He suffered much opposition from pagan druids and was criticized in both England and Ireland for the way he conducted his mission. In a relatively short time, the island had experienced deeply the Christian spirit, and was prepared to send out missionaries whose efforts were greatly responsible for Christianizing Europe.

Patrick was a man of action, with little inclination toward learning. He had a rock-like belief in his vocation, in the cause he had espoused. One of the few certainly authentic writings is his Confessio, above all an act of homage to God for having called Patrick, unworthy sinner, to the apostolate.

There is hope rather than irony in the fact that his burial place is said to be in County Down in Northern Ireland, long the scene of strife and violence.

Reflection

What distinguishes Patrick is the durability of his efforts. When one considers the state of Ireland when he began his mission work, the vast extent of his labors, and how the seeds he planted continued to grow and flourish, one can only admire the kind of man Patrick must have been. The holiness of a person is known only by the fruits of his or her work.

St Patrick’s Day is a reminder to me to give thanks while saying the following prayer to St Patrick.

I arise today through a mighty strength, the invocation of the trinity. Christ be w me, Christ within me, Christ behind me, Christ before me, Christ beside me, Christ to win me, Christ to comfort me and restore me. Christ beneath me, Christ above me, Christ in quiet, Christ in danger, Christ in hearts of all that love me, Christ in mouth of friend or stranger. I arise. Amen

Wishing You A Merry Christmas 12-23-17

By Franciscan Media

At Christmas we don’t wish each other perfect lives but only “comfort and joy.” This is what I look for: not an end to struggle, but a level of understanding and adjustment so that we can say to each other, “Merry Christmas.”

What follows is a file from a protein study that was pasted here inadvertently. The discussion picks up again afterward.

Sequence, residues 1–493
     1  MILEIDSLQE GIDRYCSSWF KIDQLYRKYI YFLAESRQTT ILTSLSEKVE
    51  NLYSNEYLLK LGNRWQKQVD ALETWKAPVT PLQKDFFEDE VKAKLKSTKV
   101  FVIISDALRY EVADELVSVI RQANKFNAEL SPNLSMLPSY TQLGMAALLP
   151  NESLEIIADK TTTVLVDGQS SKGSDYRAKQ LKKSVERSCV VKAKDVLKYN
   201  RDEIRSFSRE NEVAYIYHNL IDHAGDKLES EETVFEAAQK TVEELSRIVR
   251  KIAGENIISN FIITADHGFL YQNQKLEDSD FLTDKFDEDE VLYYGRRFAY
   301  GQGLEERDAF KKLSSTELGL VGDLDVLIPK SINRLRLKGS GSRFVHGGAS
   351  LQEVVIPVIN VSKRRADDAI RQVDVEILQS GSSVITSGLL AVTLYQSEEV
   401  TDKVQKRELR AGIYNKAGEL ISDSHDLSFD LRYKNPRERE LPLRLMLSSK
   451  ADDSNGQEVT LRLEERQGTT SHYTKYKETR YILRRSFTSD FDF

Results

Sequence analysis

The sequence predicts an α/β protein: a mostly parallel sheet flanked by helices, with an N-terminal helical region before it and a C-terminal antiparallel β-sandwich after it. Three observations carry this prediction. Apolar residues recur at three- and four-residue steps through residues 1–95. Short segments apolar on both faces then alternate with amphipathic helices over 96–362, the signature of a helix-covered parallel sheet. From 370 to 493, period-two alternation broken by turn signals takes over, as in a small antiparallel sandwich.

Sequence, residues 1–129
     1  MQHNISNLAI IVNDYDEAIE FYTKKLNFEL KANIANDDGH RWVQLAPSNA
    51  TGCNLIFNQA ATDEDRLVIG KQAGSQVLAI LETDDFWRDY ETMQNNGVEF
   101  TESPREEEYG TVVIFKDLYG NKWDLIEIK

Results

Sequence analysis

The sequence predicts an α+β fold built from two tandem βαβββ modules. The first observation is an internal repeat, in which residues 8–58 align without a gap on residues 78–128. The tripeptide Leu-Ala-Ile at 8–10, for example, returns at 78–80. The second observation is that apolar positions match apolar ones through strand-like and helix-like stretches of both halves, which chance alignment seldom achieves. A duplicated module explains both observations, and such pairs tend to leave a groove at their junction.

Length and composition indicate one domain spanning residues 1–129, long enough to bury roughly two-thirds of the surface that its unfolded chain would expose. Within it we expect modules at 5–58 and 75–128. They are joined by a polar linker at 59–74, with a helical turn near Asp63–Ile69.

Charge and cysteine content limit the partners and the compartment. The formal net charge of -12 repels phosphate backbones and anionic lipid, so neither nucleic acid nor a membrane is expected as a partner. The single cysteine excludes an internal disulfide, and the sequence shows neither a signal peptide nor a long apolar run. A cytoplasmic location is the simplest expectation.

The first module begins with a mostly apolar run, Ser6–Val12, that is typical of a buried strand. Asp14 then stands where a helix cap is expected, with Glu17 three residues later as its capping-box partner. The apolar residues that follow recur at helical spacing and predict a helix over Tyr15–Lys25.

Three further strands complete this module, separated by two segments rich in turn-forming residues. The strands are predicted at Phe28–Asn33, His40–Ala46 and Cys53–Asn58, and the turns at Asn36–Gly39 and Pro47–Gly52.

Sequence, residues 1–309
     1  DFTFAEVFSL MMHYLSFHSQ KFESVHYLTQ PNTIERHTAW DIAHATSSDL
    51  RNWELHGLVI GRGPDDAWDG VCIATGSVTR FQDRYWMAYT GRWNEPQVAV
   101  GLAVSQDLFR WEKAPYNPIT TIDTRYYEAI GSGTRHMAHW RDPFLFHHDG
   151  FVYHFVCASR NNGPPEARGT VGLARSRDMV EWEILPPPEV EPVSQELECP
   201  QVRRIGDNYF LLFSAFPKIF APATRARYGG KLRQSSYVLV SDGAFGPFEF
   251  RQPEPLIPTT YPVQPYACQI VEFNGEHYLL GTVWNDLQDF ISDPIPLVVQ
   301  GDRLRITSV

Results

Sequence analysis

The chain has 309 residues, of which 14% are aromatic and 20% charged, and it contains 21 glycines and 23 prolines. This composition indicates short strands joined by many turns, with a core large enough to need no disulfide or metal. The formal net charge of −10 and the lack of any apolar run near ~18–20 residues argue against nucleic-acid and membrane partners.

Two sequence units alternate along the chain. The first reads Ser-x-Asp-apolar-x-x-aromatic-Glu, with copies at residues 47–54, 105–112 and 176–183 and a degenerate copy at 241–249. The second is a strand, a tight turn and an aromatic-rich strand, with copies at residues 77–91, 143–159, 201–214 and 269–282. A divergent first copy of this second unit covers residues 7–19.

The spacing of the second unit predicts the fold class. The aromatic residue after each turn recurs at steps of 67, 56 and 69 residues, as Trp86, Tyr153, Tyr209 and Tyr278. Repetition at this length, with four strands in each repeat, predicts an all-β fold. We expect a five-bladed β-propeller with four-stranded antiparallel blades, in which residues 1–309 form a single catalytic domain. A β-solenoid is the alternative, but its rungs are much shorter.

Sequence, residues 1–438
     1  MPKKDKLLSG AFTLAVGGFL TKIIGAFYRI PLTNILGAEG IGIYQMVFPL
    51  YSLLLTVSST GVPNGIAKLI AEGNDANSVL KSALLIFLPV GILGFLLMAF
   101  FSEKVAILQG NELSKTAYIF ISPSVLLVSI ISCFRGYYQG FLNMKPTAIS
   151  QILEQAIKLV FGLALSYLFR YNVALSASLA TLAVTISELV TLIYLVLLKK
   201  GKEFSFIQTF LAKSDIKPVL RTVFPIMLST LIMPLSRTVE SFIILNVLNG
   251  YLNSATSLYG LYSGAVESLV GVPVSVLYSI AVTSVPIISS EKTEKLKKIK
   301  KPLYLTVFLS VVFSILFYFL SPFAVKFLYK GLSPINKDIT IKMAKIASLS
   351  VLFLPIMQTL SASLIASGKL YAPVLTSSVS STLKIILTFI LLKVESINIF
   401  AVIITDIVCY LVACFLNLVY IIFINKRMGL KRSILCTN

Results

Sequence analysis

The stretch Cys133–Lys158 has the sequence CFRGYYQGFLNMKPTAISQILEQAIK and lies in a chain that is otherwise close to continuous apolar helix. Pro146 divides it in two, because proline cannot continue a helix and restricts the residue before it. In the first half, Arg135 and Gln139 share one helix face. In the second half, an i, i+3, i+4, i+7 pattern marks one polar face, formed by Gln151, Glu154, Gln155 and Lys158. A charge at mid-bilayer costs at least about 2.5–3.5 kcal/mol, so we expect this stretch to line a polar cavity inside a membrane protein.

But understand how important it is and how central to the Christmas message, to be merry, to have a hopeful, positive, and optimistic attitude, even if your health is bad or if life is not at its best. The infant Jesus is lying in a barnyard crib, and yet the emotional atmosphere is glorious and full of hope. What a lesson for us living in a time of worldwide conflict and personal challenges.

—from the book The Soul of Christmas by Thomas Moore

Reach Out To Others 12-20-17

“O Key of David, O Royal power of Israel, controlling at your will the gate of heaven: Come break down the prison walls of death for those who dwell in darkness and the shadow of death.”

At this festive time of year, when all our attention seems focused on gathering with loved ones, those who are grieving face a most difficult challenge. They may feel locked out of the brightness around them. Be the key that releases those who are grieving, while still respecting their own journey. Reach out to those who have lost special people in their lives. Be creative. Spending a quiet evening with a friend may be more consoling than an invitation to share in festivities with a heavy heart.

—from the book Advent with St. Francis: Daily Reflections by Diane M. Houdek